For starters, it can be a good idea to choose a credit card that offers purchase protection. If you have multiple credit cards and you're making a large eligible purchase, you may want to make sure that you are using a credit card that offers this benefit.If an item you purchase gets stolen or damaged within the coverage period, here are some tips that can help you successfully make a purchase protection claim.
  • Save your receipts. Keep copies of the receipts of your major purchases, as you will need them to file a claim. 
  • Notify the police in the event of theft. If the item has been stolen, make sure to file a police report and to get a copy of the report.
  • Check to see if you have other insurance coverage. If you have a primary insurance policy covering the item, you typically need to file a claim there before approaching your credit card issuer to use purchase protection.
  • File a purchase protection claim. If you believe your purchase is eligible for protection under your credit card, fill out an online claim form on your credit card issuer’s website. You may also be able to call in to file your claim over the phone.
  • Provide all the requested documentation. You’ll want to submit all the documents that are requested, and also provide answers to any questions that the benefit provider might have. 
Recommended: How Credit Cards Work 

Documents Required to File a Credit Card Purchase Protection Claim

To file a purchase protection claim on the phone or online, you'll likely need to provide your name, address, account number, date of the purchase, and reason for the claim. You may also need to submit the following documents: 
  • An itemized store receipt
  • Your credit card statement showing the posted transaction
  • A police report (if a purchase was stolen)
  • Insurance claim (if applicable)
  • Any documents that support your case of why a transaction should be covered by your card’s benefits

Purchase Protection vs Other Credit Card Benefits

The best credit cards typically offer other benefits related to making purchases, such as price protection, extended warranty, and return guarantee. While these benefits sound similar to purchase protection, they are different. Here’s a closer look at each of these consumer protections.
  • Price protection This benefit allows you to retroactively apply a lower price to an item that was purchased. For example, if you purchase a television today and 30 days from now the price drops by $200, this benefit would allow you to file a claim and receive the $200 difference.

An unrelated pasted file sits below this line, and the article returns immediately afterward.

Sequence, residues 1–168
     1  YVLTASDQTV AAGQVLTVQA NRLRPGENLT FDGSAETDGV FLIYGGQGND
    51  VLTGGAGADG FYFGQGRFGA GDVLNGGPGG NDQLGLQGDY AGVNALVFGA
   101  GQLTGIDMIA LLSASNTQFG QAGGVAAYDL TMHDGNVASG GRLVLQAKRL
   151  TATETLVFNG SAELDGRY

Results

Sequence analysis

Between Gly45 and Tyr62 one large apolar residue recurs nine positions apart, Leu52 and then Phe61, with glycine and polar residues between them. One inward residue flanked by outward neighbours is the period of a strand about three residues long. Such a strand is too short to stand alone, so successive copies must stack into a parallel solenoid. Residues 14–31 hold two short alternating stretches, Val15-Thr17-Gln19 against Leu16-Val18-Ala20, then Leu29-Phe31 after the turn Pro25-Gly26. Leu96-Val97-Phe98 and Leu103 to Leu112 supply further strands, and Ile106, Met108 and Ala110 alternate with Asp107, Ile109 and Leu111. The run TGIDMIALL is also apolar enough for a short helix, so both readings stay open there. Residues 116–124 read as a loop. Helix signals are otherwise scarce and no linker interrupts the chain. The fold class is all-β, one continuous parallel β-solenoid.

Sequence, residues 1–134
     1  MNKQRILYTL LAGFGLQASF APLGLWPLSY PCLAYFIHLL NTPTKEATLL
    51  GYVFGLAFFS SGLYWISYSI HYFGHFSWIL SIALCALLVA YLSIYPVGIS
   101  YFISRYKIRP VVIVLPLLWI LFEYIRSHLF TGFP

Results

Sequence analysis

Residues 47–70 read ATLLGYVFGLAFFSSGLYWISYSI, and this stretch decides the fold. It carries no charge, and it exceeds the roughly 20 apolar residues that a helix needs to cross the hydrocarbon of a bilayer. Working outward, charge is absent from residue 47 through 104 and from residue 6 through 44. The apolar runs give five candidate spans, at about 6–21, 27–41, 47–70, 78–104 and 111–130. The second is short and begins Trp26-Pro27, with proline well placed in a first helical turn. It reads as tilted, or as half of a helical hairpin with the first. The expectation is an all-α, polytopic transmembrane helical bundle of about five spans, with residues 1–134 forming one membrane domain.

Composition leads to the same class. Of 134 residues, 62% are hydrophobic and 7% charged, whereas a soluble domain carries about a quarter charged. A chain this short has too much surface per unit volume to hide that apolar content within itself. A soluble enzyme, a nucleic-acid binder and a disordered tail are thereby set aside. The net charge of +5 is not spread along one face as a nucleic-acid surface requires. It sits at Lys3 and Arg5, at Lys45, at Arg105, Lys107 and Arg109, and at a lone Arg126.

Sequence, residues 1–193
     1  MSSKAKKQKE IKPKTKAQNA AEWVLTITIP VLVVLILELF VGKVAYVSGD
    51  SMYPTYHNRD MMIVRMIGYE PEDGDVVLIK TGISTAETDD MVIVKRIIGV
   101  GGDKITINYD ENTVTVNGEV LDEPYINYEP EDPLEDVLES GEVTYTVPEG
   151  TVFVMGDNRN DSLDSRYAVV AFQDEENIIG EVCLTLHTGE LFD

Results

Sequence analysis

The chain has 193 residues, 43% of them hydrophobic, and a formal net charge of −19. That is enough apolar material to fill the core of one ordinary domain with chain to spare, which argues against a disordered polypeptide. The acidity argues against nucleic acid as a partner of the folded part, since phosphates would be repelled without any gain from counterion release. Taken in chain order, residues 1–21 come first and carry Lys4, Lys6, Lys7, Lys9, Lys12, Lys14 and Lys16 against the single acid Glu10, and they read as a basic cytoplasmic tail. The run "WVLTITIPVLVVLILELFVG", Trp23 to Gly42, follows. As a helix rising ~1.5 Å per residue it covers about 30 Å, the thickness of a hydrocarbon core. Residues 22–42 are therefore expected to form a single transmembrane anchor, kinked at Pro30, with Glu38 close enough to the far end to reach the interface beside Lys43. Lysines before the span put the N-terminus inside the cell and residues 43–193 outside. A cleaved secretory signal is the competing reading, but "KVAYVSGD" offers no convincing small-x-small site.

• Extended warranty This protection allows you to lengthen the time of coverage under an original manufacturer’s warranty. An extended warranty covers defects from the manufacturer, whereas purchase protection covers user damage.
  • Return guarantee Though not as commonly offered as other types of consumer protections, this benefit allows users to return an item within a certain time frame even if the retailer refuses to take it back.
Recommended: How Do Refunds on Credit Cards Work? 

Knowing Your Credit Card Company’s Purchase Protection Policy

If you’re not sure what (if any) purchase protection your credit card offers, you can find out by referring to your credit card’s guide to card benefits. You likely received this document when you got your card, but if you no longer have it, not to worry. Most credit card issuers post this document online. These guidelines should explain:
  • Who’s covered
  • Which transactions can receive purchase protection coverage
  • The timeframe for coverage
  • The dollar value limit of coverage per claim and per account
  • Deadlines to file eligible claims
  • How to file purchase protection claims

The Takeaway

One of the many advantages of using a credit card is purchase protection. If something goes awry after you make a big ticket purchase (say you drop it and it breaks or it gets stolen), you may be able to get the item replaced or repaired, or get your money back, simply by filing a claim with your credit card company. Not all cards offer purchase protection, however. If you’re in the market for a new credit card, it can be a good idea to compare credit card rates, as well as the terms and benefits each card offers. With Lantern by SoFi, you can quickly compare multiple credit card offers matched to your needs and qualifications all in one place, and without making any type of commitment.

Frequently Asked Questions

Do all credit cards offer purchase protection?
Can I claim on my credit card when something goes wrong with the product?
What should I do if an item I purchased with my credit card is stolen?
Is there a time limit on credit card purchase protection?
Photo credit: iStock/VioletaStoimenova

About the Author

Jason Steele

Jason Steele

Jason Steele has been writing about credit cards and award travel since 2008. One of the nation's leading experts in this field, he has contributed to dozens of personal finance and travel outlets and has been widely quoted in the mainstream media.